Admins have the power to define which skills learners will earn by completing learning content; skills aren’t pre-loaded. After defining skills, admins must assign skills tags to each course. Without those skills tags, the platform won’t award reputation. This was intentional: when reputation is attached to specific skills, learning is more meaningful.
Most organizations choose to display gamification achievements to all learners because learners benefit from seeing which skills—and how much reputation—their role models and peers have earned. However, admins can decide whether or not to share achievements.
Finally, gamification was built with scalability in mind. Viewing learner participation and rewards earned is a breeze. Effortlessly measure the success of your learners, content, and education strategy with deep analytics and reporting.
Can organizations use gamification with all learner personas?
Absolutely. Gamification enhances your employee, customer, and partner education initiatives.
Gamification helps employees build their external reputation. They can share earned credentials on LinkedIn—or Credly (we offer an optional integration). Enabling employees to share earned credentials can be good for your employer brand; more and more, candidates look to work at companies that invest in their employees’ development. Moreover, development is necessary. Our recent survey of 445 workplace education professionals revealed that 12% feel they lack the knowledge and training they need to succeed.
Gamification also helps employees build their internal reputation. They can share their skills reputation or credentials with their manager and say, “I’ve gained experience in this specific skill, and that’s why I should get this promotion or raise.” And similar to the above point, education improves employee retention; when a company helps its employees build relevant skills to move up the ladder or increase their pay, they’re less likely to seek work elsewhere.
“If I get a certification in Jira through Atlassian University, I can then say to my manager, “I’d like to lead the next development project.” - Leah Zillner, Associate Product Manager at Intellum
Gamification helps customers build their external and internal reputation. Like employees, customers can share their achievements with their peers or managers in order to build a stronger personal brand, secure a promotion or raise, or beef up their resumes.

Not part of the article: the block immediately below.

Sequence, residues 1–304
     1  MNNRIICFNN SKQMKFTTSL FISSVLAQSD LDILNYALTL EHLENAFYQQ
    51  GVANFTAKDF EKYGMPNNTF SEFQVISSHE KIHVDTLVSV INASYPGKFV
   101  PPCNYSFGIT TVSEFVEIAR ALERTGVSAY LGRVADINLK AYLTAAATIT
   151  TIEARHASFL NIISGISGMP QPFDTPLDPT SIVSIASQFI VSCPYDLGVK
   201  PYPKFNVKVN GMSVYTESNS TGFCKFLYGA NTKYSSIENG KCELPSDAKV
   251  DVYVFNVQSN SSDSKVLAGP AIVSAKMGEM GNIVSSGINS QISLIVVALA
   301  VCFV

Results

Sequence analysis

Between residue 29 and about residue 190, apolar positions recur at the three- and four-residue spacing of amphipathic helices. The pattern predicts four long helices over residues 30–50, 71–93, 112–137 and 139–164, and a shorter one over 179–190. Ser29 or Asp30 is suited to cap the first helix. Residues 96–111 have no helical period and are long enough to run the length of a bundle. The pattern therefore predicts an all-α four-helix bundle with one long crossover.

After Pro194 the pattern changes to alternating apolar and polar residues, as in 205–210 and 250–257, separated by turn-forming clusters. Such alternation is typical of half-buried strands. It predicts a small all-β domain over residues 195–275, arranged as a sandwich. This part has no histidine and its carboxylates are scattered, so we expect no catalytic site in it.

Gamification also helps customers better utilize your product. Or maybe customers learn to better utilize your product, which in turn enables them to make a bigger impact at work and earn a raise. As you know, the more ROI a customer gets from your product, the less likely they are to churn—so it’s a win-win all around.
Gamification enables partners to sell more and better represent your brand. Lots of people equate partner education with building sales skills. But education helps partners to build brand knowledge, too. But of course, you need to encourage partners to return to the learning destination and complete their training. This is where reputation-based gamification comes in.
For example, Cricket Wireless is using Intellum’s new gamification feature to train partners about the devices and accessories the company offers:
“Gamification [within Intellum] provides a platform where learners are encouraged to challenge themselves and their peers with friendly competition,” says Alyssa Morris, Associate Director of Design for Cricket Wireless. “It is essential in driving continued growth through training, which in turn leads to increased sales and customer satisfaction.”
Simplify your learning solution.
Many companies are dealing with an abundance of tools. And this is an expensive problem that creates duplicative work. In today’s economy, education teams don’t have space for unnecessary tools and duplicative work.
Since gamification is built within the Intellum platform, there’s no need to bolt on a separate gamification tool. Intellum is a single destination for all your organizational education needs.